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tkitna

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Re: Where Would The Beatles Be Without Ringo?
« Reply #55 on: October 19, 2014, 10:25:01 AM »

5. Listened to 'Dark Side of the Moon'.

Its one of the most famous albums ever.  Have you never been intrigued?  I'm not saying its awesome and you must, but if a record receives that much praise, I usually have to at least check it out.

nimrod

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Re: Where Would The Beatles Be Without Ringo?
« Reply #56 on: October 19, 2014, 10:58:20 AM »

Its one of the most famous albums ever.  Have you never been intrigued?  I'm not saying its awesome and you must, but if a record receives that much praise, I usually have to at least check it out.


I always thought 'Us & Them' one of the greatest songs ever written

simple but just superb



Pink Floyd - Us and Them
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oldbrownshoe

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Re: Where Would The Beatles Be Without Ringo?
« Reply #57 on: October 19, 2014, 03:30:58 PM »

I take the opposite view, if a record is so successful/revered, indeed if anything is so successful/revered, it almost has to be NOT worth checking out. Exception which proves the rule.....The Beatles.

'Thriller' sold truckloads and, because they were releasing 45s off that for years, I KNOW that it's garbage.
I heard the thing by default!

In the case of 'Dark Side of the Moon' I just presume it is going to be rather dull and no explanation of it has ever piqued my interest. I prefer having an intimate knowledge of the stuff people ignore or don't know.....the 45s, 'A Saucerful of Secrets', 'More'.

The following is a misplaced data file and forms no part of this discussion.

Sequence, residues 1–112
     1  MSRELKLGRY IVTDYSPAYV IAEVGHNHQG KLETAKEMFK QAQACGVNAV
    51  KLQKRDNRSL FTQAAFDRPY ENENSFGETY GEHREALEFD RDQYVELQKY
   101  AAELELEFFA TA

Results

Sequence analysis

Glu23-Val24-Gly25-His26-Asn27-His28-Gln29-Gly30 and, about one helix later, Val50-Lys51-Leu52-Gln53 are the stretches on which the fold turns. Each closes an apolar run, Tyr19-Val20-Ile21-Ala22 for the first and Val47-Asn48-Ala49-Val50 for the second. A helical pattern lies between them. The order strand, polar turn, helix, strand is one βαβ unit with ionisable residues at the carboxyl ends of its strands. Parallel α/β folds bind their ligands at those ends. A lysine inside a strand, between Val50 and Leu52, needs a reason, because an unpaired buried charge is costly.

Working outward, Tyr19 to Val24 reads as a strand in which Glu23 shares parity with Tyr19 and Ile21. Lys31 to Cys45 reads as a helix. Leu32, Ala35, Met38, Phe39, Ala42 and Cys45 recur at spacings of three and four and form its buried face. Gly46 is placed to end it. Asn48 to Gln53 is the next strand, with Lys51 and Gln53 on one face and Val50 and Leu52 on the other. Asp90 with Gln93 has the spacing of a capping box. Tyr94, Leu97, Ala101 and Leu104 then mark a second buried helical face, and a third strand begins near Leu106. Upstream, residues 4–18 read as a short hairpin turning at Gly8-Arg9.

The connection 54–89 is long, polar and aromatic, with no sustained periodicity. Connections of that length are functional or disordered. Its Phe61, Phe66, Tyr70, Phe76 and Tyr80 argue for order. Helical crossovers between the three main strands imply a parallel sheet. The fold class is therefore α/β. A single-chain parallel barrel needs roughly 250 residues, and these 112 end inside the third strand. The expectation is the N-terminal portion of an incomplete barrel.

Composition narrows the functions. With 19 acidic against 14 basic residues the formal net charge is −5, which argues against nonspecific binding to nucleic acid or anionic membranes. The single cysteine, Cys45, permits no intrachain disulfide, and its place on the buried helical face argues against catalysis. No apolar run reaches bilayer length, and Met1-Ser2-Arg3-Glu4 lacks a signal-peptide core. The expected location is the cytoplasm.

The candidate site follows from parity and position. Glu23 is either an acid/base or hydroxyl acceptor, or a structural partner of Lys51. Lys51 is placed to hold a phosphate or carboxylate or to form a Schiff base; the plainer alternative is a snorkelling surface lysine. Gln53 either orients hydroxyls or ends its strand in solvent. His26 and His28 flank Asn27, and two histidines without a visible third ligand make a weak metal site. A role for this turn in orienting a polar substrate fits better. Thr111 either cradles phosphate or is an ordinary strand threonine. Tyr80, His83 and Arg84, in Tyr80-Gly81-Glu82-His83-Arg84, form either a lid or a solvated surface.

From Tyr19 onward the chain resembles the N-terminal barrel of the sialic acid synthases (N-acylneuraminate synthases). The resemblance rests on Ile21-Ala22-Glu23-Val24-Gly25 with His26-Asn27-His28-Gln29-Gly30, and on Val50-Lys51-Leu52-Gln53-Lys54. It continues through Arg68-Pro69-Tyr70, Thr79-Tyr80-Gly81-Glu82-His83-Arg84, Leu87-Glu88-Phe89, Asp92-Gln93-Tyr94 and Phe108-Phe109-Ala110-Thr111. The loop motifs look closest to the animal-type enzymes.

Any other 'I've never done that.....s'?

I've never watched an HBO series/box set or seen live a 20/20 cricket match.
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Mr Mustard

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Re: Where Would The Beatles Be Without Ringo?
« Reply #58 on: October 19, 2014, 09:33:05 PM »

I take the opposite view, if a record is so successful/revered, indeed if anything is so successful/revered, it almost has to be NOT worth checking out. Exception which proves the rule.....The Beatles.

OBS you're straying dangerously close to the kind of closed mindset which leads some blinkered observers to presume that your exception to the rule - The Beatles - "were overrated" or "can't have been all that good" etc... poor fools are missing out, we know that, but if they'd drop their preconceptions and listen there's every chance they'd be pleasantly surprised....

Plenty of things which have garnered unstinting praise really are "that good". Pele and George Best really were great. So were Muhammad Ali and Elvis. Laurel & Hardy remain the world's favourite comedy double act - with good reason. There are many such exceptions besides The Beatles which prove the rule!

OK, I'd say these things have become scarcer in recent times, but whilst I agree with your dismissal of certain things which are held in too much reverence, you have a tendency to write off entire decades and surely you can appreciate there will be some stuff you are therefore overlooking? It's as if you are slightly frightened of discovering that something post-1969 might be impressive, and worried that this revelation would shatter your rigid world view.

There was some good stuff around in the 1970s (and - dare I say this - even the 1980s) and, great as the decade was, there was some crap around in the 1960s. To argue that the quality of everything from music to films to theatre etc all plunged off a cliff on January 1st 1970 is crazy!

All that said I'd have to say that "Dark Side Of The Moon" is for me vastly overrated. I've never understood its popularity - perhaps because others can appreciate things that pass me by? Maybe I'm missing out.


Any other 'I've never done that.....s'?

Brilliant idea for its own separate thread!! Can't you launch it in one of the general discussion sub forums? Could prove fascinating!
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nimrod

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Re: Where Would The Beatles Be Without Ringo?
« Reply #59 on: October 19, 2014, 10:52:20 PM »

DSOTM overrated ?

Come on Mr M, get a grip

They were a cult band before this masterpiece

Yes its a concept album, but its not only packed with great songs like Breathe, Us & Them, Money etc but its a whole 'experience' a way of transcending yourself for 40 minutes - the perfect album imo. lyrically and musically :)

It was when the band worked together, Ricks keyboards/piano was just as important as Rogers lyrics and Daves guitar/singing